Iowa

Hickenlooper enters Colorado Senate race, but he will have competition
Former governor announced his withdrawal from the presidential race a week ago

Former Colorado Gov. John Hickenlooper speaks at the Iowa Democratic Wing Ding in Clear Lake earlier this month before he announced he was dropping out of the presidential race. (Caroline Brehman/CQ Roll Call file photo)

After spending a week off the campaign trail, former presidential candidate John Hickenlooper announced Thursday that he will run for Senate in Colorado. 

The former two-term Democratic governor said he wants to challenge Republican Sen. Cory Gardner in next year’s election. Hickenlooper will face several challengers for the Democratic nomination, and will have to address statements he made earlier this year that he was not interested in the job.

Bernie Sanders labor plan would let federal workers strike
Presidential contender unveils plan ahead of Iowa AFL-CIO trip

Democratic presidential candidate Sen. Bernie Sanders has unveiled a labor policy plan ahead of a visit to the Iowa AFL-CIO. (Caroline Brehman/CQ Roll Call file photo)

Sen. Bernie Sanders unveiled a new labor plan Wednesday that includes a proposal to let federal employees go on strike.

“Under current law, federal employees are not guaranteed the same labor rights as workers in the private sector. While they have the ability to unionize, they are prohibited from going on strike,” a plan summary said. “Under this plan, federal workers would have the right to strike.”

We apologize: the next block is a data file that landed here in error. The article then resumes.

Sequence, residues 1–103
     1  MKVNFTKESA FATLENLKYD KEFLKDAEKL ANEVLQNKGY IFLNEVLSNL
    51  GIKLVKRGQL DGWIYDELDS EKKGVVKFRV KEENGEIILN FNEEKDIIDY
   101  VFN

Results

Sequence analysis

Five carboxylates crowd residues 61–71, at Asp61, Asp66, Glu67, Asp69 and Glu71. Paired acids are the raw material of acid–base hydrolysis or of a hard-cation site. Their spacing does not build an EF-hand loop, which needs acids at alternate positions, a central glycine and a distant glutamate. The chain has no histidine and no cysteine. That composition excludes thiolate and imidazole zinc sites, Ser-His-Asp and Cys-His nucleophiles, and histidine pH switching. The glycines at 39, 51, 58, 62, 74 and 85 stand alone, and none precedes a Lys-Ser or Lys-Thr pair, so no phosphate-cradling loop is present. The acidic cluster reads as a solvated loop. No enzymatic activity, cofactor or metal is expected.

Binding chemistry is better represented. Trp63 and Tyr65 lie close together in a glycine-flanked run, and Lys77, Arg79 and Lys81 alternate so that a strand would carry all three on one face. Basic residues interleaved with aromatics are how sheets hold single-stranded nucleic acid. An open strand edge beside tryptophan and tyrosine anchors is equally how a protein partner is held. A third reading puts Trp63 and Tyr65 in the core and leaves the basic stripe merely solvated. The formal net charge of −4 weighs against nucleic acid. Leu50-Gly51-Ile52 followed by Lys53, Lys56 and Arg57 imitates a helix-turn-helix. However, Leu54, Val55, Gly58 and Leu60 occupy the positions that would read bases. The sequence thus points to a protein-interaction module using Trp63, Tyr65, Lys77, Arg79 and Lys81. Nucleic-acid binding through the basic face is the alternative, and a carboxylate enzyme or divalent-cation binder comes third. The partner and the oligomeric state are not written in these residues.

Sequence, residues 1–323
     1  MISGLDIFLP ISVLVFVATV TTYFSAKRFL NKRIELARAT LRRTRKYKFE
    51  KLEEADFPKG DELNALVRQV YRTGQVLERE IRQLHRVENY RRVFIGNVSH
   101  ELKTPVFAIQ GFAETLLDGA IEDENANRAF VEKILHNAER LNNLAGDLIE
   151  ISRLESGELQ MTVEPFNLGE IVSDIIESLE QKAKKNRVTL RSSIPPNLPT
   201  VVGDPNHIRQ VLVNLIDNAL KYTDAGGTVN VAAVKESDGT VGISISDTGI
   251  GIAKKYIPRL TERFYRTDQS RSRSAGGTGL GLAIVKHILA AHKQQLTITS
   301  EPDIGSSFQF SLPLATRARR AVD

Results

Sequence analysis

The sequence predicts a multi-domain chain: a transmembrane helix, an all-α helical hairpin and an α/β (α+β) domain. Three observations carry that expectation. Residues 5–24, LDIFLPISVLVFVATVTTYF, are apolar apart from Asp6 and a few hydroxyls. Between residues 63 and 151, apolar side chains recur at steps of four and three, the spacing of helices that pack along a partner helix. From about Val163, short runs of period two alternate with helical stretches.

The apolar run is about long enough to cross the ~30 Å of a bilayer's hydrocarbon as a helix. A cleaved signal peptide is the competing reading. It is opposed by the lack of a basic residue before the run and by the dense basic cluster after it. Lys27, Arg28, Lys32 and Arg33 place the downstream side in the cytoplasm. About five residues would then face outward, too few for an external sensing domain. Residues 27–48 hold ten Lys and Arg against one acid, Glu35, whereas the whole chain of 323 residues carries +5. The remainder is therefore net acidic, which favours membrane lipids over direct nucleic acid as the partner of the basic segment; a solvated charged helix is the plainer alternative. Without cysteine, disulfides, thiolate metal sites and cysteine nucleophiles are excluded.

House freshmen try to keep it local as presidential race steals the spotlight
Iowa Democratic Reps. Cindy Axne and Abby Finkenauer are taking similar approaches to their reelections

Rep. Cindy Axne, D-Iowa, flips pork burgers at the Iowa State Fair. (Caroline Brehman/CQ Roll Call)

DES MOINES — Rep. Cindy Axne’s letter to Customs and Border Protection about African swine fever didn’t make national news. But it did prompt a “thank you” from a man with the Iowa Pork Association as Axne flipped pork burgers last week at the Iowa State Fair.

Attention to issues like that disease, which could threaten the country’s pork industry if it reached the U.S., is how first-term Democratic lawmakers like Axne are working to win reelection in 2020.

Payroll tax cuts off the table? Not so fast, says Trump in another whiplash reversal
No immediate move likely on taxes, as president also distances himself from gun background checks

President Donald Trump concludes a campaign rally at the Williamsport Regional Airport in Montoursville, Pa., May 20. (Tom Williams/CQ Roll Call file photo)

Updated 4:15 p.m. | In yet another whiplash policy reversal, President Donald Trump directly contradicted his staff Tuesday by saying payroll tax cuts are on the table as he looks to stave off an election-year recession.

A White House official on Monday afternoon, responding to a Washington Post report that the White House was eyeing a payroll tax cut amid recession fears, dismissed the idea this way: “More tax cuts for the American people are certainly on the table, but cutting payroll taxes is not something under consideration at this time.”

Joe Biden rebounds, Kamala Harris drops in new poll
After support ballooned in June, California Sen. Harris dropped back down to just 5 percent in August

Democratic presidential candidate former Vice President Joe Biden speaks at the Iowa Democratic Wing Ding at the Surf Ballroom in Clear Lake on Friday August 9, 2019. (Caroline Brehman/CQ Roll Call)